DOP075 Looking beyond symptoms and disease activity to define disease severity in inflammatory bowel disease: results of an IOIBD specialist panel
C. Siegel1, C. Whitman2, B. Spiegel2, B. Feagan3, B. Sands4, E. Loftus5, R. Panaccione6, G. D’Haens7, C. Bernstein8, R. Gearry9, S. Ng10, G. Mantzaris11, B. Sartor12, M. Silverberg13, R. Riddell13, I. Koutroubakis14, C. O’Morain15, P. Lakatos16, D. McGovern2, J. Halfvarson17, W. Reinisch18, G. Rogler19, W. Kruis20, C. Tysk17, S. Schreiber21, S. Danese22, W. Sandborn23, A. Griffiths24, B. Moum25, C. Gasche26, F. Pallone27, S. Travis28, J. Panes29, J.-F. Colombel4, S. Hanauer30, L. Peyrin-Biroulet*31
1Geisel School of Medicine at Dartmouth, Inflammatory Bowel Disease Centre, Lebanon, New Hampshire, United States, 2Cedars-Sinai Medical Centre, Los Angeles, California, United States, 3Roberts Clinical Trials, London, Ontario, Canada, 4Icahn School of Medicine at Mount Sinai, New York, New York, United States, 5Mayo Clinic, Rochester, Minnesota, United States, 6University of Calgary, Calgary, Canada, 7Academic Medical Centre, Amsterdam, Netherlands, 8University of Manitoba, Winnipeg, Canada, 9University of Otago, Christchurch, New Zealand, 10Chinese University of Hong Kong, Hong Kong, Hong Kong, 11Evangelismos-PolyCliniki-Ophthalmiatreion Hospital, Athens, Greece, 12University of North Carolina, Chapel Hill, North Carolina, United States, 13Mount Sinai Hospital, Toronto, Canada, 14University Hospital Heraklion, Crete, Greece, 15Charlemont Clinic, Dublin, Ireland, 16Semmelweis University, Budapest, Hungary, 17Örebro University, Örebro, Sweden, 18McMaster University Medical Centre, Department of Gastroenterology, Hamilton, Canada, 19University Hospital Zürich, Clinic for Hepatology and Gastroenterology, Zürich, Switzerland, 20University of Cologne, Clinic for Internal Medicine, Koln, Germany, 21Universitätsklinikum Schleswig-Holstein Kiel, Clinic for Internal Medicine, Kiel, Germany, 22Humanitas University, Milan, Italy, 23University of California San Diego, San Diego, California, United States, 24Hospital for Sick Children, Toronto, Canada, 25Oslo University, Oslo, Norway, 26Medical University and General Hospital Vienna, Vienna, Austria, 27University Rome, Rome, Italy, 28Oxford University Hospital, Oxford, United Kingdom, 29Hospital Clinic de Barcelona, Barcelona, Spain, 30Northwestern Feinberg School of Medicine, Chicago, Illinois, United States, 31CHU Nancy, Department of Gastroenterology and Hepatology, Vandoeuvre-Lès-Nancy, France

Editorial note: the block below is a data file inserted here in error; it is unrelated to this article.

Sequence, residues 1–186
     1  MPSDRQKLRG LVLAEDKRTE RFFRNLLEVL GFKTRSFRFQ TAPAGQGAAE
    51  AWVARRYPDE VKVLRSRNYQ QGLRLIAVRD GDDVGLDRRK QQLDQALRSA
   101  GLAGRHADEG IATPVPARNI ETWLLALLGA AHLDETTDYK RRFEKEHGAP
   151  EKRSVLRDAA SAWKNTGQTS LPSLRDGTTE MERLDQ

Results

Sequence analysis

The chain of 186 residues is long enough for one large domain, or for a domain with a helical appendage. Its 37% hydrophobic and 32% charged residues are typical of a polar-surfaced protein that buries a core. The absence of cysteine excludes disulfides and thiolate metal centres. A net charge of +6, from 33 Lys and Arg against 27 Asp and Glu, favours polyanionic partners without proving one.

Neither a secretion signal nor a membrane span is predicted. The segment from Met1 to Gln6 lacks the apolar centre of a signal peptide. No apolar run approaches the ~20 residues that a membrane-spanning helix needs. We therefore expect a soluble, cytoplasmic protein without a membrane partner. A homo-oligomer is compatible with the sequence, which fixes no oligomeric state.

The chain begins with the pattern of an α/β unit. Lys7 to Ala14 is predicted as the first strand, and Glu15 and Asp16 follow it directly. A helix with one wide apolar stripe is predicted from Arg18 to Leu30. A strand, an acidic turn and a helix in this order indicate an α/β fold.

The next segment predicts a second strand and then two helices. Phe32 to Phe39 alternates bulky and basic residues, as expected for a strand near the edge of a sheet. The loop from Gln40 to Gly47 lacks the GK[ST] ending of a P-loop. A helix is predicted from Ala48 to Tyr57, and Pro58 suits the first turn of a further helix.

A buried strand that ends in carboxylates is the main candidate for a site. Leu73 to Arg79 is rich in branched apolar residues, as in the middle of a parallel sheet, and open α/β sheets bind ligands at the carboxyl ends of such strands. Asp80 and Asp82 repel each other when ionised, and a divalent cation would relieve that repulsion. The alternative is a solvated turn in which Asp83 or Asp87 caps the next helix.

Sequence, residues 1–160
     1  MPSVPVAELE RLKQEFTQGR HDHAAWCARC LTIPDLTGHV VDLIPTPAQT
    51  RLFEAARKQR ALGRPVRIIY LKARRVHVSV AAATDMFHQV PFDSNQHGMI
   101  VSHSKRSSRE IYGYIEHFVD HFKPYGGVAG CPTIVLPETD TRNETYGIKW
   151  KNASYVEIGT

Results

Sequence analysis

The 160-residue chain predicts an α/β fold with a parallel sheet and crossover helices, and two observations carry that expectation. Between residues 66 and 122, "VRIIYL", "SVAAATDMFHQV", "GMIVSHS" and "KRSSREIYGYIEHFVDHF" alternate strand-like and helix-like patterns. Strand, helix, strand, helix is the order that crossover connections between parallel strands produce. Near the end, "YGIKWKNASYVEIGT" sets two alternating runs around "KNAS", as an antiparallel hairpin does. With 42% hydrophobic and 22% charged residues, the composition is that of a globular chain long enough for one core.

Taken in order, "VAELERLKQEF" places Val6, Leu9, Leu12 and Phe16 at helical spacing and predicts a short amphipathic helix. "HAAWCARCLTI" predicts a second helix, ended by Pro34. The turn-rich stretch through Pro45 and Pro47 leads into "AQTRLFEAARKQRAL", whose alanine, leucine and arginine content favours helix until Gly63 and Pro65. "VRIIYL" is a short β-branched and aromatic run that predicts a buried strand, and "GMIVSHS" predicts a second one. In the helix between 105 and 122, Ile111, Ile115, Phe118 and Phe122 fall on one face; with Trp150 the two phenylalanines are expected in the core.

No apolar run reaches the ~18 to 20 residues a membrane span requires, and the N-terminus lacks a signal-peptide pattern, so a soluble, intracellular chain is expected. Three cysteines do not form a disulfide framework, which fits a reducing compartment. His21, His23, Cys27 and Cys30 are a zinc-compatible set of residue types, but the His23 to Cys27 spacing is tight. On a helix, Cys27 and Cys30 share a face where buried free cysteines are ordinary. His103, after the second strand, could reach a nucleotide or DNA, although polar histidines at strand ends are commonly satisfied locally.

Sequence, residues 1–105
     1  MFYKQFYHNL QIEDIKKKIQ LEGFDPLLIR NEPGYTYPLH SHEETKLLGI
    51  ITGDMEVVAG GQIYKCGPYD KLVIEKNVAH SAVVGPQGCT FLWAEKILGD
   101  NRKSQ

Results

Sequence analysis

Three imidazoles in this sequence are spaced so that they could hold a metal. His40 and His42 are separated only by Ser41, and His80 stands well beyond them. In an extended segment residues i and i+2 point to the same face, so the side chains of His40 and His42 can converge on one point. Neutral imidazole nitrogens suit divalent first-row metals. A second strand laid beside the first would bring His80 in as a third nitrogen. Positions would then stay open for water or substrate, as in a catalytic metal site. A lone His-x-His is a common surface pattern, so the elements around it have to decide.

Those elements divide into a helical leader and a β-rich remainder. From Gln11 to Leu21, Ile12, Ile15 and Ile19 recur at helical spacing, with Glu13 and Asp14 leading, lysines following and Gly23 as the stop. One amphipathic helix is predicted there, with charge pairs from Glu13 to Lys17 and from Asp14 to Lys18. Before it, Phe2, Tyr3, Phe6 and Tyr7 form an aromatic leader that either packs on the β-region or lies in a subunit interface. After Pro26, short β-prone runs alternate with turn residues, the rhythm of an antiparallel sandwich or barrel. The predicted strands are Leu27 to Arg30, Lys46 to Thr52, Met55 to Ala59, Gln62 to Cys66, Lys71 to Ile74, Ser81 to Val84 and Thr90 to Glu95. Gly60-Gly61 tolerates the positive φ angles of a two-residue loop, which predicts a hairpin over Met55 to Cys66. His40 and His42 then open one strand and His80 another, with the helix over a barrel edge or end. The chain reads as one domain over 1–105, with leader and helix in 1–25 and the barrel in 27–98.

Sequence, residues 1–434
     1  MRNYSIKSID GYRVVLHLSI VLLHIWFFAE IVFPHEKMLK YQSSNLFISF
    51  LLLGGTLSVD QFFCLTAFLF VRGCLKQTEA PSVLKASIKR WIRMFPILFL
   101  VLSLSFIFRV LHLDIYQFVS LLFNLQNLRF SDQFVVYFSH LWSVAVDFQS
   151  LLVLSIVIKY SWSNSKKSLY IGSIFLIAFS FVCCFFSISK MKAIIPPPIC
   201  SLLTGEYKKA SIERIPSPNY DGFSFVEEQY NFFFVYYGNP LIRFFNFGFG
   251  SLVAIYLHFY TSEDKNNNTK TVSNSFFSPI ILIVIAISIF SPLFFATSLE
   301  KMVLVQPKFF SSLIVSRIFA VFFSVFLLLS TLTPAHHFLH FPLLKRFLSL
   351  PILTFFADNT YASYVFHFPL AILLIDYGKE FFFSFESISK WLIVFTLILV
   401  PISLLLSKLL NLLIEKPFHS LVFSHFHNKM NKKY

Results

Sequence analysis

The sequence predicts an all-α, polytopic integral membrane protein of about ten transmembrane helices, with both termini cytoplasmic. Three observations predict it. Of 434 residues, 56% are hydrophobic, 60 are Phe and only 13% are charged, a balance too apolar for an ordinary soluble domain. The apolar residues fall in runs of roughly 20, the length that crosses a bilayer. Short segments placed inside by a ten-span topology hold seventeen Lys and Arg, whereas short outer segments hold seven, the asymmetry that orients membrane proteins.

A systematic review identified 3 main domains relevant to the evaluation of disease severity in inflammatory bowel disease (IBD): effect of the disease on the patient, inflammatory burden, and disease course.1 The aims of this study are to define the attributes within these domains that are most important to determining disease severity and to rank the importance of these individual attributes for both Crohn’s disease (CD) and ulcerative (UC).
Using a modified Delphi panel, 14 members of the International Organisation for the Study of Inflammatory Bowel Diseases (IOIBD) selected the most important attributes from the established domains to represent best disease severity for both CD and UC. Next, 18 IOIBD members independently completed a conjoint analysis exercise to determine the strength of importance of each of these attributes. These results were reviewed anonymously at an in-person panel. After a period of discussion, these specialists then repeated the conjoint analysis exercise first as a group and then independently to yield a final relative ranking of which attributes are more important than others to consider when defining overall disease severity.
The attributes to define disease severity were divided into 3 different categories: effect of disease (clinical symptoms and effect on daily activity); inflammatory burden (serum biomarkers, mucosal lesions); and disease course (disease complications and hospitalisations, response to medications, and disease extent). For CD 15.8% of disease severity was attributed to the presence of mucosal lesions, and history of a fistula explained 10.9%. History of abscess explained 9.7% of CD severity, and 7.4% was attributed to history of intestinal resection.
Table 1 Proportion of contribution of disease attributes to overall disease severity
|Attribute of Crohn’s||Attribute of UC|
|Mucosal lesions 15.8%||Mucosal lesions 18.1%|
|Fistula 10.9%||Effect on daily activities 14.0%|
|Perianal abscess 9.7%||C-reactive protein 11.2%|
|Prior bowel resection 7.4%||Prior biologic use 10.1%|
|Stoma 7.1%||Recent hospitalisation 7.7%|
|Disease extent 5.8%||Recent steroid use 7.6%|
|Frequency of loose stools 5.6%||Anaemia 5.1%|
|Stricture 5.4%||Frequency of loose stools 4.8%|
|C-reactive protein, prior biologic use, effect on daily activities, albumin, anorectal symptoms, anaemia, abdominal pain, and recent steroid, all < 5.4%||Albumin, disease extent, nocturnal bowel movements, anorectal symptoms, and rectal bleeding, all ≤ 4.8%|
For UC 18.1% of disease severity was attributed to mucosal lesions, followed by effect on daily activities with 14%, C-reactive protein at 11.2%, and prior experience with biologics at 10.1%.
Based on expert opinion, mucosal lesions are the most important attribute associated with disease severity for both diseases. When comparing CD and UC, CD severity is associated more with intestinal damage, in contrast to UC disease severity, which is more dependent on symptoms and effect on daily life. Although symptoms related to disease activity are a component of overall disease severity, many factors need to be taken into account to understand the total effect of IBD on patients.
 Peyrin-Biroulet L, Panés J, Sandborn WJ, et al. Defining disease severity in inflammatory bowel disease: current and future directions. Clin Gastroenterol Hepatol 2015; pii: S1542-3565(15)00787-9. doi: 10.1016/j.cgh.2015.06.001. Acessed December 30, 2015.